But the little blond girl stopped in front of the ice cream truck, which was now cold and dark. She raised one and then two fists and began to pound on the front door of the truck with both fists.
The door opened. The ice cream truck woman, lit from behind by the truck’s cab light, looked about. It took her a moment to see the little girl, who was so small., at her feet.
The little girl spoke.
Then the man with no nose, who could see what was happening, came down from the steps of the brownstone and walked quickly to the ice cream truck.
The little girl grabbed onto her father’s leg and hid behind it.
The man with no nose spoke, again quietly. The ice cream truck woman raised one arm again, and shouted, pointing one finger at the man with no nose, who looked at the ground and shook his head just a little while enduring the lecture from the ice cream truck woman.
Then the ice cream truck woman went back into the truck.
All of a sudden, the strange carnival organ music began again, so loud people covered their ears. The ice cream truck woman came down from the truck and pulled open the cover over the sales window. Then she went back in the truck, and turned on the lights, one after the next, so soon the truck was in the center of a halo of bright light once more.
No one said a word.
The ice cream truck woman went to the back of the truck and could be seen at work, scooping ice cream. She came out the front door of the truck, came down the steps of the cab one by one, squatted next to the little girl hiding behind her father’s leg and handed her an ice cream cone.
The she returned to the truck. People stayed orderly, coming one at a time to place their orders and receive their ice cream and hand their money through the truck’s window.
The name with no nose lifted his daughter and walked with her in his arms back to the red car.
No one noticed whether the little girl had a nose or not.
By that time, it didn’t matter.
All of Michael Fine’s stories and books are available on MichaelFineMD.com or by clicking here. Register there and we’ll send you a new free story every month.
Michael Fine, MD is currently Health Policy Advisor to Mayor James Diossa of Central Falls, Rhode Island and Senior Population Health and Clinical Services Officer at Blackstone Valley Health Care, Inc. He is facilitating a partnership between the City and Blackstone to create the Central Falls Neighborhood Health Station, the US first attempt to build a population based primary care and public health collaboration that serves the entire population of a place.
He has also recently been named Health Liaison to the City of Pawtucket. Dr. Fine served in the Cabinet of Governor Lincoln Chafee as Director of the Rhode Island Department of Health from February of 2011 until March of 2015, overseeing a broad range of public health programs and services, overseeing 450 public health professionals and managing a budget of $110 million a year.
Dr. Fine’s career as both a family physician and manager in the field of healthcare has been devoted to healthcare reform and the care of under-served populations. Before his confirmation as Director of Health, Dr. Fine was the Medical Program Director at the Rhode Island Department of Corrections, overseeing a healthcare unit servicing nearly 20,000 people a year, with a staff of over 85 physicians, psychiatrists, mental health workers, nurses, and other health professionals.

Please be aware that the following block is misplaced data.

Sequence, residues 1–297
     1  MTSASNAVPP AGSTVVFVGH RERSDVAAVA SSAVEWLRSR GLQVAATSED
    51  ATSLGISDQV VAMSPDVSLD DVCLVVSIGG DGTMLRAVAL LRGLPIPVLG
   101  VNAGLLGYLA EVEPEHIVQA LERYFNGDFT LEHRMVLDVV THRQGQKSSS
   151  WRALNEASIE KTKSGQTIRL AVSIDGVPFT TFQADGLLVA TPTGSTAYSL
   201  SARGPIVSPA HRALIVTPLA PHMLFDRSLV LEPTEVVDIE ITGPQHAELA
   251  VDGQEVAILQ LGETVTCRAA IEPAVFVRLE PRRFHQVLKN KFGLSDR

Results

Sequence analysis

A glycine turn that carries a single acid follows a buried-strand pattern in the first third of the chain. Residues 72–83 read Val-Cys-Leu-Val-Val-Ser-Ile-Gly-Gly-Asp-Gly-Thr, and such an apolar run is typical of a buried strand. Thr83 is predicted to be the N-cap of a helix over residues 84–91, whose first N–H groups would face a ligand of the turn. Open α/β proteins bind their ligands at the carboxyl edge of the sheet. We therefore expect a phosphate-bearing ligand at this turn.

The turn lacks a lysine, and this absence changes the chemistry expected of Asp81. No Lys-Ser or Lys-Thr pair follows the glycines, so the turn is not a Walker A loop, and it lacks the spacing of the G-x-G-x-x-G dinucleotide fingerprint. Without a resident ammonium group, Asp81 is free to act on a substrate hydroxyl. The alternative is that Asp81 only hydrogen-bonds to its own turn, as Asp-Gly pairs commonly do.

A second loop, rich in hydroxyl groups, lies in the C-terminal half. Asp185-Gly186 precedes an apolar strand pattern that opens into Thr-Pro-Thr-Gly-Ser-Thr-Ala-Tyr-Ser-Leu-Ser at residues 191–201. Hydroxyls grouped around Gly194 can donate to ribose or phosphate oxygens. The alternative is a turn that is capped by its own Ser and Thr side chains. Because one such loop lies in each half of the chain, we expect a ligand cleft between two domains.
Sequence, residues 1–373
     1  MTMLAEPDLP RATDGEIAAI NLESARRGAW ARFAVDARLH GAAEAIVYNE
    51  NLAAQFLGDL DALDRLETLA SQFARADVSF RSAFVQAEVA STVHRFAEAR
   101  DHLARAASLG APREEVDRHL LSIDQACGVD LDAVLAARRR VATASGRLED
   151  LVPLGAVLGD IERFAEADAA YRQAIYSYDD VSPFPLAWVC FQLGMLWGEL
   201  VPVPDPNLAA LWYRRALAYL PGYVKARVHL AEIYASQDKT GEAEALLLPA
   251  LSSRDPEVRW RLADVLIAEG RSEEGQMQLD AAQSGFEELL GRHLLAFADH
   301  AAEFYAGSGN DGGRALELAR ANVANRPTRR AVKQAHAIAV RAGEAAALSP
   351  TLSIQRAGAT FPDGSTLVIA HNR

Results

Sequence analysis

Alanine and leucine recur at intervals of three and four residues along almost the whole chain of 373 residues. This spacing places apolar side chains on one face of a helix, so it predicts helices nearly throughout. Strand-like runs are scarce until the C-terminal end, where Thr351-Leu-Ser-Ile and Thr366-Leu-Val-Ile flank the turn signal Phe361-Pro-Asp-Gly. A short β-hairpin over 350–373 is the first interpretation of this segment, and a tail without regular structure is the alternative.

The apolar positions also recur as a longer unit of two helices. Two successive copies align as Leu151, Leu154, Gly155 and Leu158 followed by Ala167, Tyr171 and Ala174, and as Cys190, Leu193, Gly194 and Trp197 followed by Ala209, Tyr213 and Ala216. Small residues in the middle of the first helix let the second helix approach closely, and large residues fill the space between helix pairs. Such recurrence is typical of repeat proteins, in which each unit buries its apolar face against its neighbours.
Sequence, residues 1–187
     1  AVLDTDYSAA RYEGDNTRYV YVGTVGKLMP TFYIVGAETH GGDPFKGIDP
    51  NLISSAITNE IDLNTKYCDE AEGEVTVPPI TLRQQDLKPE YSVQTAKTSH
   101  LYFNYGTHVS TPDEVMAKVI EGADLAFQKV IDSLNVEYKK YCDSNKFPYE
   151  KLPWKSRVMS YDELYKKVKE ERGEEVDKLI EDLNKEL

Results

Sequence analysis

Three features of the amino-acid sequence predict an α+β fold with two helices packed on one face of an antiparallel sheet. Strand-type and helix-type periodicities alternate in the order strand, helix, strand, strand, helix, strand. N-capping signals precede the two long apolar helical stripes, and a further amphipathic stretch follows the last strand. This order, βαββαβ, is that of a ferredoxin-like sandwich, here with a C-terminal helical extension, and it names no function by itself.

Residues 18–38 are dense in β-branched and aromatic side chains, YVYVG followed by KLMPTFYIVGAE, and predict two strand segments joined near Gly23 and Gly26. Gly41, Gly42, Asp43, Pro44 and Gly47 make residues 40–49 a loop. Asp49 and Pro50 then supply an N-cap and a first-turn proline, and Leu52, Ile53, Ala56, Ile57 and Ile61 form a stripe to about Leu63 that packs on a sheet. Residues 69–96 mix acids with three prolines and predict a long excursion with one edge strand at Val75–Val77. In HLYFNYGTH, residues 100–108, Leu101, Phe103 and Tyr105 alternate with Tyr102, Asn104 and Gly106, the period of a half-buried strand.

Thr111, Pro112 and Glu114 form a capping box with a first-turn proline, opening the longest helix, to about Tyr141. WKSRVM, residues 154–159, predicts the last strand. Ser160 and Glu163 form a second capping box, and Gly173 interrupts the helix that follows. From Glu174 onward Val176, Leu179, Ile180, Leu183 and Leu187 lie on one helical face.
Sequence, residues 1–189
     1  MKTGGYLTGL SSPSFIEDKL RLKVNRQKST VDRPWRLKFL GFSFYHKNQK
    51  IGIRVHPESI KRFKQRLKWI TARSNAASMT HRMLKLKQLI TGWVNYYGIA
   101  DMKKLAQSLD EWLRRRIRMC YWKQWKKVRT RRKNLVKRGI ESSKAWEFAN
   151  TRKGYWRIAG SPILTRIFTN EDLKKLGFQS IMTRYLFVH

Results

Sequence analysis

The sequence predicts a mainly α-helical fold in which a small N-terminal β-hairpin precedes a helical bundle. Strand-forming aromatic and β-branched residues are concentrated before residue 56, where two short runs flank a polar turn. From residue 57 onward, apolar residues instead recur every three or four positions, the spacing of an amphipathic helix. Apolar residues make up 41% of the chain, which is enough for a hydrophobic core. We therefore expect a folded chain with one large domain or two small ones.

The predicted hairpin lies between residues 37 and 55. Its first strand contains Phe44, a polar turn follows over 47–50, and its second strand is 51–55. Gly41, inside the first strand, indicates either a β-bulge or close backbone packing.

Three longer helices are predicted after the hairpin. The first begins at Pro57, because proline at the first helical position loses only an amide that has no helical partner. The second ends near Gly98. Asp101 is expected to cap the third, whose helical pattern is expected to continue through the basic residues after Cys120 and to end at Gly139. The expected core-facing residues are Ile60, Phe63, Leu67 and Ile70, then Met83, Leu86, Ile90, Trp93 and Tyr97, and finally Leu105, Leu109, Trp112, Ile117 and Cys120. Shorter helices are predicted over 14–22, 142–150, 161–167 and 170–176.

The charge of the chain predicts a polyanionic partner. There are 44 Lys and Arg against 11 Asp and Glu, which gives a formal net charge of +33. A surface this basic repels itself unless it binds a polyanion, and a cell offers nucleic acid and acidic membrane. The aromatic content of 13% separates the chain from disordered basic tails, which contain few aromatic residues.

He was a founder and Managing Director of HealthAccessRI, the nation’s first statewide organization making prepaid, reduced fee-for-service primary care available to people without employer-provided health insurance. Dr. Fine practiced for 16 years in urban Pawtucket, Rhode Island and rural Scituate, Rhode Island. He is the former Physician Operating Officer of Hillside Avenue Family and Community Medicine, the largest family practice in Rhode Island, and the former Physician-in-Chief of the Rhode Island and Miriam Hospitals’ Departments of Family and Community Medicine. He was co-chair of the Allied Advocacy Group for Integrated Primary Care.
He convened and facilitated the Primary Care Leadership Council, a statewide organization that represented 75 percent of Rhode Island’s primary care physicians and practices. He currently serves on the Boards of Crossroads Rhode Island, the state’s largest service organization for the homeless, the Lown Institute, the George Wiley Center, and RICARES. Dr. Fine founded the Scituate Health Alliance, a community-based, population-focused non-profit organization, which made Scituate the first community in the United States to provide primary medical and dental care to all town residents.
Dr. Fine is a past President of the Rhode Island Academy of Family Physicians and was an Open Society Institute/George Soros Fellow in Medicine as a Profession from 2000 to2002. He has served on a number of legislative committees for the Rhode Island General Assembly, has chaired the Primary Care Advisory Committee for the Rhode Island Department of Health, and sat on both the Urban Family Medicine Task Force of the American Academy of Family Physicians and the National Advisory Council to the National Health Services Corps.